Chemins de Fer de Corse System
The CFC has its headquarters at Bastia in the north east of the island.
The system’s main line runs from Bastia to the island’s other major city Ajaccio via Ponte Leccia and Corte – a distance of 158km (98 miles).
The main engineering works are now at Casamozza, just south of Bastia.
There is a junction station on the main line at Ponte Leccia where a branch runs 74km (46 miles) to Calvi on the north west coast of the island.
There used to be a line running down the island’s east coast. It branched off the main line at Casamozza and ran 130km (81 miles) to Porto Vecchio.
The east coast line’s bridges were bombed during World War II. The damage was so extensive the line was never reopened in its entirety, although the section as far south as Folleli remained open until 1953.
The section of the branch from Ponte Leccia to Calvi runs alongside the sea from Ile Rousse. During the summer months there is an intensive “Tramways de la Balagne” service between Calvi and Ile Rousse to serve the many beaches.
The island's geography and topography has forced the construction of some notable features including 32 tunnels and 51 bridges and viaducts.
The longest tunnel at 3.9 kilometres (2.4 miles) is near Vizzavona. This tunnel at 906 metres (2,970 ft) high is also the highest on the network.
The viaduct at Vecchio - 140 metres (459 ft) long and 94 metres (308 ft 5 in) high - was designed by Gustave Eiffel.
The ‘Boucle de Vivario’ is a series of reverse curves that take the train many miles to climb the steep mountainside. From a point above Vivario Station, the train can be seen for some considerable time looping back and forth as it makes the climb.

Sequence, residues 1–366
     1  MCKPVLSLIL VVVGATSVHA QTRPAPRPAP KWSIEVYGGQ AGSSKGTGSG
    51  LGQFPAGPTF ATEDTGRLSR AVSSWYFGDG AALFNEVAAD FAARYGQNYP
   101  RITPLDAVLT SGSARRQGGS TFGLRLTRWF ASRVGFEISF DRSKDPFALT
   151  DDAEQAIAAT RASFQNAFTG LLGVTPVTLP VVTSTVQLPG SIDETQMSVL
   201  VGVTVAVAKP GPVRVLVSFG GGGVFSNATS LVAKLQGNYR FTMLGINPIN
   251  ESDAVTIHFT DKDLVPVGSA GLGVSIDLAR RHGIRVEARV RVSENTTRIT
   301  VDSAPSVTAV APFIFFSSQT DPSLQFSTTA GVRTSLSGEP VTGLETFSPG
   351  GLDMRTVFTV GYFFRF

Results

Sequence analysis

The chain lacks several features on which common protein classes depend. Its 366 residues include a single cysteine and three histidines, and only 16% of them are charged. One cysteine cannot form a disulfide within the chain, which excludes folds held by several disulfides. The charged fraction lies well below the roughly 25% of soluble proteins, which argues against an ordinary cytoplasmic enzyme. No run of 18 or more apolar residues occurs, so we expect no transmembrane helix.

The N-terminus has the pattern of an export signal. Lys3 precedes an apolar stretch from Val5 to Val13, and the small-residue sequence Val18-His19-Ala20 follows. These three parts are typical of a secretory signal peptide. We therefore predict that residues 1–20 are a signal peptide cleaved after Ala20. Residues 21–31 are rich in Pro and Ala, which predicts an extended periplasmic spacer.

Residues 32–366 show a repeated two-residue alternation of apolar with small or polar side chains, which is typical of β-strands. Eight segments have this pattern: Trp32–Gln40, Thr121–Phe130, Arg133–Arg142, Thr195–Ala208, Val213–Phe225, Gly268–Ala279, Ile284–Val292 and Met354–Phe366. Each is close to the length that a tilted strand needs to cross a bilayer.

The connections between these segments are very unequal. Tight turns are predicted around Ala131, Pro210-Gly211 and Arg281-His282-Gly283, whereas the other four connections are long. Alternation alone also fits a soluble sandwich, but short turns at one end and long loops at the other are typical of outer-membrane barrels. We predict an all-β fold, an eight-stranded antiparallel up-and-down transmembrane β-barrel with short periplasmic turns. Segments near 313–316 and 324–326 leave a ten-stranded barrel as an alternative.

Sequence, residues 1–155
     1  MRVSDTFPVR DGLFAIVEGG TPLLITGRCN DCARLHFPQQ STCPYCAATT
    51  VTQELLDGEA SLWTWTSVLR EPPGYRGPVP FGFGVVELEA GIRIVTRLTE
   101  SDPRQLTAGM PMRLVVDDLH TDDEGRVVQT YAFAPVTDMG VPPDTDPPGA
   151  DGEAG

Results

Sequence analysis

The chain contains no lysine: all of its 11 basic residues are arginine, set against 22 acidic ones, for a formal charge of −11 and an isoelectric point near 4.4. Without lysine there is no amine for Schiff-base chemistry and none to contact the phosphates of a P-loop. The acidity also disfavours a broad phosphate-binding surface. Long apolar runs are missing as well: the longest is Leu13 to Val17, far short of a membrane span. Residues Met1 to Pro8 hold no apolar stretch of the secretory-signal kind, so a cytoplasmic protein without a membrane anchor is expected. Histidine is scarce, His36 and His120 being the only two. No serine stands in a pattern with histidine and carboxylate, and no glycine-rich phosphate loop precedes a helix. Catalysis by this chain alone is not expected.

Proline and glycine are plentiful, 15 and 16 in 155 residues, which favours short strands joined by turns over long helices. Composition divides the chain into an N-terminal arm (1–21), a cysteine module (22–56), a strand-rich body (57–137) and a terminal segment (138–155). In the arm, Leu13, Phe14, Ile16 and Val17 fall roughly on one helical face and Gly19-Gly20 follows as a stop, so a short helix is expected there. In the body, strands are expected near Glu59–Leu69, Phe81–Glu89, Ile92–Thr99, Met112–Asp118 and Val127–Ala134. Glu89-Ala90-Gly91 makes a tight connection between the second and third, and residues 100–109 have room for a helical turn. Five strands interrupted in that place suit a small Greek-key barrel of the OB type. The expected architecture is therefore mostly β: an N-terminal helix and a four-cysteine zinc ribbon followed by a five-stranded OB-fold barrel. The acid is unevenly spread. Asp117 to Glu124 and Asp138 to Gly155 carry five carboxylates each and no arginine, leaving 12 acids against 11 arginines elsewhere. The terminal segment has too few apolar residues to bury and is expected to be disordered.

The CFC is the only metre gauge line in France carrying freight. One train a day operates over the Ajaccio-Bastia line.
In winter, the Vizzavona pass is often blocked, and closed to road traffic. Most of the remaining freight wagons are used for track maintenance purposes.
Chemins de Fer de Corse History
In 1877 it was decided to build a metre gauge railway in Corsica, despite the very difficult terrain it would have to cross.
Legislation was passed on 4 August 1879 for the construction of the railway.
The first lines opened on 1 August 1888 between Bastia and Corte and also between Ajaccio and Bocognano. The network was gradually opened in sections until 1894.
A line to Porto-Vecchio opened in stages, the final section opening in 1935, but this was to be short lived owing to the war.
There were proposals to build lines from Ajaccio to Propriano and also from Porto Vecchio to Bonifacio, but these lines were not built.
In 1955, there was a proposal to close the Calvi - Ponte-Lecchia line; and in 1959 another proposal to close the whole network. The railway workers and the citizens of Corsica successfully opposed both. In 1972, another proposal for closure was fought off.
The Chemins de Fer de Corse was operated by a succession of private companies until 1983 when decentralisation laws enabled Corsica to run its own regional transport systems and the SNCF took over the management of the network.
In September 2001, the Corsican authorities gave SNCF the responsibility of operating the railway as a public service. Working together, the State, the Corsican authorities and SNCF have jointly produced a modernisation plan aimed at ensuring the rail service's future.
Over 110 million euros were committed towards improvements, incluing new railcars and renovation of existing rolling stock.
Pictures of Chemins de Fer de Corse
I've taken every care to ensure the information above is as accurate as possible. All facts have been verified from at least two sources in the original French. Sources include contemporaneous issues of Magazine des Tramways a Vapeur et des Secondaires, Voie Etroite and La Vie du Rail.